With the regulatory compliance imperative beating down on companies everywhere, I get a lot of pitches for products with the broad goal of protecting data from unauthorized access. There are many different approaches to this in the industry, and some of them are harder to implement than others. My impression, and there’s some common sense behind it, is that enterprises are moving fastest on the easiest ones to implement.
What’s this easiest method? It’s encryption, and especially full-disk encryption. There has been a lot of action in this market.McAfee bought Safeboot late last year. CheckPoint bought Pointsec. And now Sophos is buying Utimaco. With all these purchases, look for sophisticated encryption capabilities to be rolled into corporate client security suites over the next few years. I’m not sure if Symantec has these products already or if they just haven’t bought someone yet.
These PKI companies do a lot more than disk encryption, but full disk encryption, especially on notebooks, is the most straightforward thing you can do. It’s been tricky and expensive in the past, but I’m told that key management, the tricky part of all this, has gotten a lot better of late. Sophos says that key management was the reason they are buying Utimaco; they’ve done it right. It’s also true that prices have come down in this space. This is naturally because of competition, and I think that Microsoft’s Bitlocker probably has something to do with it.
The other reason to deal with encryption first is that just about all visible examples of data compromise are the types that could be addressed by encryption. Consider a generic example: “The Federal Department of Whatever announced that a notebook computer on which the personal records of thousands of taxpayers were stored was left in a cab in Brooklyn last week and has not yet been recovered.” In most of these cases I figure the data probably isn’t at issue because whoever picks up the notebook will delete all the data and sell the hardware, but obviously there’s an issue.
What if the Whatever Department spokesperson could say they are confident any data on the notebook is inaccessible because it’s all encrypted with strong encryption (and department policies mandate 2-factor authentication or at least strong passwords)? I haven’t heard of a case like this yet and I’m not sure how it would be received in the press and how expert analysts would react to it. And as I’ve said, it’s not just about disk encryption; there have been cases of lost backup tapes, lost USB keys, and of course the TJX compromise was as a result of weak or nonexistent encryption on Wi-Fi.
Next Step: Data Loss Prevention
The next step up is what is generally called DLP or Data Loss Prevention, where systems monitor the network to look for data of particular sensitive types, such as credit cards or social security numbers, on the way out. I’ve always been leery of this sort of thing. In principle I can see how it would work, although for it to work you need many other policies in place, especially with respect to the use of encryption; the DLP needs to be able to see the data in order to analyze it. And of course many of the same companies in the encryption business are also in the DLP business.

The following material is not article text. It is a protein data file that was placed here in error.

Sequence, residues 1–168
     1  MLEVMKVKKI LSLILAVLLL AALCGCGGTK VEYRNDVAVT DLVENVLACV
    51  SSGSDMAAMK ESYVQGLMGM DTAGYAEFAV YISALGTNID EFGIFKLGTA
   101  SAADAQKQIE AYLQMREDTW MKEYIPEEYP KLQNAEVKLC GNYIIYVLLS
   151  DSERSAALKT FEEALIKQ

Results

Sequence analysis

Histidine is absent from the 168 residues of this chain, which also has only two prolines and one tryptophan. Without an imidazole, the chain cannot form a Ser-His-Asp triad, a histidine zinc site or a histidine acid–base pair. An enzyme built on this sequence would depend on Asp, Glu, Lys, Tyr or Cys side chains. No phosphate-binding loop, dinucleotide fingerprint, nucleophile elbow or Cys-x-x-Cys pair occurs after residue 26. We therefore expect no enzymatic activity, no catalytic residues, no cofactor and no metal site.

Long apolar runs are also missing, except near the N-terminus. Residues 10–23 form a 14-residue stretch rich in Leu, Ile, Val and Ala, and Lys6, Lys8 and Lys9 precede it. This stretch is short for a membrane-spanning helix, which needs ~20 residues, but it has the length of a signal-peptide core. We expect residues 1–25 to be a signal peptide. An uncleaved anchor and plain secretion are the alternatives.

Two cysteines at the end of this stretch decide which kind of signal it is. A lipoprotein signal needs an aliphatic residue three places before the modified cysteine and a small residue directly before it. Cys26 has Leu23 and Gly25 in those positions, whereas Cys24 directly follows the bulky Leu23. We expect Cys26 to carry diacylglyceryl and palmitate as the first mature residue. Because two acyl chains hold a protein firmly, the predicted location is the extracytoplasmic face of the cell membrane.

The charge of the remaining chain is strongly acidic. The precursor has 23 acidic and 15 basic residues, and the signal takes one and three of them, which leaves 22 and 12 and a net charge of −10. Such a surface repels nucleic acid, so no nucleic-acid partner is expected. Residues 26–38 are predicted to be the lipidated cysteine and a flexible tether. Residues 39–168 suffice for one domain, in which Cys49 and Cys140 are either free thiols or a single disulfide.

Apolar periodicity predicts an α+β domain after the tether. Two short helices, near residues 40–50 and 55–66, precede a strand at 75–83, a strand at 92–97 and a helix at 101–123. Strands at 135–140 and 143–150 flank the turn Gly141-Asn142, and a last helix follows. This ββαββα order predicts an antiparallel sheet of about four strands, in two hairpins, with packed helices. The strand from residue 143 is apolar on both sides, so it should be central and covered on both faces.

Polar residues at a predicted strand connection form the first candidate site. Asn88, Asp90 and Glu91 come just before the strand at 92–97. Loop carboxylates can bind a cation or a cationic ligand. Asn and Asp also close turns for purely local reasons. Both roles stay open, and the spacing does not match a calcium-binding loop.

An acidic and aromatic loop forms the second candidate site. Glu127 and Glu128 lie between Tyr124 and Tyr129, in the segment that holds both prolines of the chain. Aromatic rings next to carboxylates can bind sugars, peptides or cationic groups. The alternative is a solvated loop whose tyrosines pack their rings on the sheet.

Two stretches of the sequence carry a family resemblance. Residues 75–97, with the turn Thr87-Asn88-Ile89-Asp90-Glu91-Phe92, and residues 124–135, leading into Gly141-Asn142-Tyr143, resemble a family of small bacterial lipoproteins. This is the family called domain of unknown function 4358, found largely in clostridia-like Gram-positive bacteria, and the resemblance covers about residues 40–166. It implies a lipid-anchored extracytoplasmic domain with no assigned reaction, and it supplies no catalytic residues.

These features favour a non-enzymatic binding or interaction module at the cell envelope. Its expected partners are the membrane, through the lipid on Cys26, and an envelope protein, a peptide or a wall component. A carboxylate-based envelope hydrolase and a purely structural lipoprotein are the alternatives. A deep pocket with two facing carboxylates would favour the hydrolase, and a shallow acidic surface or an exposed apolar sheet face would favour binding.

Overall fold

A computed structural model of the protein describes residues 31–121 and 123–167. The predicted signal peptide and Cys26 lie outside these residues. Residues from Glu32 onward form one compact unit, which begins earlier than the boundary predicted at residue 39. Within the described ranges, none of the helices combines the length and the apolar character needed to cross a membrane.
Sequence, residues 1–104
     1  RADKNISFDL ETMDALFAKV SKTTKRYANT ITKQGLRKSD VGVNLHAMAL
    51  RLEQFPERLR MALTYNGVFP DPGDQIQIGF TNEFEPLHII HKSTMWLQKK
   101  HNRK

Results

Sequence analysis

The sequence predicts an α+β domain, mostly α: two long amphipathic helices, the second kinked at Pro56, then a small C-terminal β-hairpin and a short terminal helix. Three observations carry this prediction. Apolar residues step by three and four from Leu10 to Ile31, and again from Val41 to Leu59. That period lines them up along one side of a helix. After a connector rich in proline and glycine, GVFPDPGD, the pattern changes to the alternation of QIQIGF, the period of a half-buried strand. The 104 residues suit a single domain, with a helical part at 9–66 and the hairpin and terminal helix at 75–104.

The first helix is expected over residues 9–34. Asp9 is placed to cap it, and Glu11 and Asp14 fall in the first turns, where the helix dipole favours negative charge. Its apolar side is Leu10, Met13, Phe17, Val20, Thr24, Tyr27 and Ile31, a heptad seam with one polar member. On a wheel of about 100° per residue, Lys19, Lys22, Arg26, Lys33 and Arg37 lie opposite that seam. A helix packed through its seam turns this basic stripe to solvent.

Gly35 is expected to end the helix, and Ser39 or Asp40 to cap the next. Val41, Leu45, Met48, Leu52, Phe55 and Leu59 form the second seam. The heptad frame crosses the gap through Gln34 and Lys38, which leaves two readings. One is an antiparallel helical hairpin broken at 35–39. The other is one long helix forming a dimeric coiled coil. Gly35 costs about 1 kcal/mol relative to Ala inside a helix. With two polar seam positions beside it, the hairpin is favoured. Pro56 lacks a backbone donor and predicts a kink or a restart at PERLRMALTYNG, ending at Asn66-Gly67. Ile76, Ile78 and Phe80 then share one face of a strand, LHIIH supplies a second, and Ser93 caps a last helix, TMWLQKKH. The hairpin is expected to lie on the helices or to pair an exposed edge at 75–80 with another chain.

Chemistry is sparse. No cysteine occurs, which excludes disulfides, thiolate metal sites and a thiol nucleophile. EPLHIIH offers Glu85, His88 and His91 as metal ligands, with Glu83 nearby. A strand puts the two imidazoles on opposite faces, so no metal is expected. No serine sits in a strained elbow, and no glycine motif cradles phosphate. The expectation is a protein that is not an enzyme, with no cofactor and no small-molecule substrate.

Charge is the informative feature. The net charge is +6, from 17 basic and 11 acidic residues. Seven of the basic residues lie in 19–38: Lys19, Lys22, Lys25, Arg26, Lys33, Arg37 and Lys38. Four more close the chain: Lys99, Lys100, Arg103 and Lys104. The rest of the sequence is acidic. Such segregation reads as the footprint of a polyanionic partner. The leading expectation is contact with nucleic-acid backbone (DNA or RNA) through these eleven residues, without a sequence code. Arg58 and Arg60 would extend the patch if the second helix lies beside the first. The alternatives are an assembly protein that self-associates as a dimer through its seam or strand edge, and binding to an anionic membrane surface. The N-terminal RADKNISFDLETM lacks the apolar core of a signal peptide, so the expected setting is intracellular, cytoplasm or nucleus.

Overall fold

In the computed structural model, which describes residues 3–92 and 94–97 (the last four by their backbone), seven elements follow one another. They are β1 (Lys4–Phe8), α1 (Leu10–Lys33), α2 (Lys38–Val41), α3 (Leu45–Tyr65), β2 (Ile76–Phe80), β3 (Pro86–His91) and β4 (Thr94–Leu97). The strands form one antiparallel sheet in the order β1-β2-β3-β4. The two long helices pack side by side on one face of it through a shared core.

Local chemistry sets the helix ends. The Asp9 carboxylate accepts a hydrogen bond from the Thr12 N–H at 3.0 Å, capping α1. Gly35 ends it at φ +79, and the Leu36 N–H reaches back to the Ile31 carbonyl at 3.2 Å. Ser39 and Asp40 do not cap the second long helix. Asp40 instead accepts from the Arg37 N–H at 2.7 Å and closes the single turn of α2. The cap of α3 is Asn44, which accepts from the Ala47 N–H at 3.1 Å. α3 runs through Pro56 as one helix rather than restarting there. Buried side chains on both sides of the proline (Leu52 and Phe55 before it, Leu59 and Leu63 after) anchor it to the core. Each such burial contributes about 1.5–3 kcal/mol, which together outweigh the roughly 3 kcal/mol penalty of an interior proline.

This angle on DLP also makes it a defense-in-depth component. It’s not just about accidental or malicious employee actions. If an attacker were to gain access to a privileged system on the network perhaps through a targeted attack, DLP could prevent them from taking sensitive information. But the bulk of such “data leakage” cases appear to be accidental.
I’m actually more curious about false positives than missing data. It’s like a lot of security issues: A high number of false positives would be an administrative burden, either causing the alerts not to be taken seriously or for the DLP to be turned down to where it’s maybe not as effective.
Vendors tell me that this sort of DLP is catching on, but not as quickly. Gartner says (according to one vendor I spoke to) that 5 percent of the Fortune 500 use any real form of content monitoring.
Further ratcheting up the data protection meter, we have systems designed to protect against the loss of intellectual property and other non-generic data forms, as opposed to generally well-understood forms such as credit card numbers. The appeal is obvious, but this form definitely seems nichey and I’m even more leery of it.
Because of the sensitive nature of the data, you can’t trust your IT people to administer the system. Various business unit personnel with authorization to access the data, or perhaps legal, or compliance officers, would need to work with the system. This alone makes things confusing.
One last thing that leaves me wondering about intellectual property protection is whether we really know how effective it is. Because of the nature of the technology, it’s unlikely that outsiders would be allowed to observe or audit the use of the software, and many companies would have an incentive to hush up or misrepresent results.
I like the idea of DLP being mixed in with the rest of the security suite. These suites are already based around a data scanning engine, so the most efficient way to implement it is as another window on that same data scan. Better that than adding a new scanner.
This whole market has the look of one taking shape over time, but you may have less time than you think, I’ve talked to lawyers about this stuff and their attitude is that the technology is available so you should be expected to use it. If data gets lost, or some critical IP gets stolen, you’re at fault if you didn’t use this newfangled tech to prevent it. Let’s hope the tech picks up the pace before your own shareholders sue you.
Security Center Editor Larry Seltzer has worked in and written about the computer industry since 1983.
For insights on security coverage around the Web, take a look at eWEEK.com Security Center Editor Larry Seltzer’s blog Cheap Hack.